Amusingly enough, this first stage was one of the more difficult parts of the game. There aren't many enemies that drop hearts in either the tunnel or level and you'll be putting a lot of effort into dodging the surprisingly powerful projectiles being sent your way by stationary skulls. Those things were a real pain in the actual level, as you start in the top half and have to work your way to the right to find an elevator to the bottom half, where you get the key and find the exit. There are a couple of skulls in the bottom half constantly shooting at you while you're trying to deal with top-half enemies, including tiny non-firing skulls that roll right under your boomering's path because the programming doesn't allow you to duck. You have to have a high degree of tolerance for the mindnumbingly stupid to persevere through this -- and if, like me, you're a fan of Homestar Runner, you also have to avoid bursting into uncontrollable laughter upon realizing that in the platforming levels, your hero bears an uncanny resemblance to Senor Cardgage.

After this, Robodemons gets a bit easier for a while, in it's own special way. Two of the next three tunnels are loaded with weak enemies that drop tons of hearts, allowing you to actually endure a sizable amount of damage. In fact, I'd say that the enemies in the "Level of Flesh" didn't bother me at all. Now, the instant death liquid on the ground was kind of troubling, especially since a decent number of the doors in this stage are one-way death tickets to a location right in this lava, acid or whatever it is. And I must admit the graphics here were very distracting as it looks like someone puked all over the screen.

And from there, things just got more fun -- whether I was collecting a key to leave another level or following an even more enjoyable stipulation to exit, such as rescuing the souls of 13 ancestors or destroying various targets in the robodemon-producing factory. While controlling a large, awkward doofus who can't duck, controls like a tank and only brought a frickin' boomerang in his one-man invasion of Hell!

Right now, I kind of feel hollow and empty because I made an effort to sound somewhat professional and objective in this review instead of taking the easy way out and just throwing a bunch of jokes and snide comments together. Robodemons honestly doesn't deserve the effort necessary to craft a professional review because it doesn't seem like any effort went into programming it or making it enjoyable. This game is one of those rare instances where a company can make something so bad, it even makes cartridges like Hydlide seem somewhat tolerable.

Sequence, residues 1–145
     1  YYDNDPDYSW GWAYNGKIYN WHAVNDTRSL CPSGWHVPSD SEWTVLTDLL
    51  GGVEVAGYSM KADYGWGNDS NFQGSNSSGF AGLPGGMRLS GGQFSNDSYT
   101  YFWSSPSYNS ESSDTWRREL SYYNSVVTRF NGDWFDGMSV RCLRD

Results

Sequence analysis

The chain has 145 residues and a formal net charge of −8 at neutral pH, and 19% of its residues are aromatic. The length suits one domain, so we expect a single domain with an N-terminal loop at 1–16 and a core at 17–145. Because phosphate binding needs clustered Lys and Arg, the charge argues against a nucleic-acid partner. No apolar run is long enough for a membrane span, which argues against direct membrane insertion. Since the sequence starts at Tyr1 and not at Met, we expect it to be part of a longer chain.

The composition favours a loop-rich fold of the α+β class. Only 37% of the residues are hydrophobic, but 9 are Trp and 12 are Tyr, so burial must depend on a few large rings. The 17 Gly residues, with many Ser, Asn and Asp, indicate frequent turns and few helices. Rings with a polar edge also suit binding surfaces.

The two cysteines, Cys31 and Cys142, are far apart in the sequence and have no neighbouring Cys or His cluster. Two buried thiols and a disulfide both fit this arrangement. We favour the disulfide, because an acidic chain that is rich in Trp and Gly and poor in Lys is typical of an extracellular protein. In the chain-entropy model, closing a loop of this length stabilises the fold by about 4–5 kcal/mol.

Rating: 1/10

overdrive's avatar
Staff review by Rob Hamilton (July 06, 2009)

Rob Hamilton is the official drunken master of review writing for Honestgamers.

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zippdementia posted July 06, 2009:

I thought all staff reviews had to be approved in the production room before they could be posted? Is this not true? Is it only true for games we're sent?

Anyways, big error in your commentary box:

"I have no programming skill, but still feel I could make the equal to this game. Difference is, I'd be too ashamed to market it."

Make the equal? That's gonna become a phrase of mine. "I can make the equal!" I'm seriously gonna go around shouting that, now. Thank you, you've given me a new phrase! The rest of your review is entertaining, as well, though not quite as entertaining as that.

In other words: it's hard to give feedback on a review that's already extremely polished.
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honestgamer posted July 06, 2009:

Staff members like Overdrive don't have to submit their reviews to the freelance forum first for approval from HG site staff because they're staff themselves! All freelance reviews need to be submitted so that they can be reviewed before posting, which should in almost all cases happen by way of the freelance forums.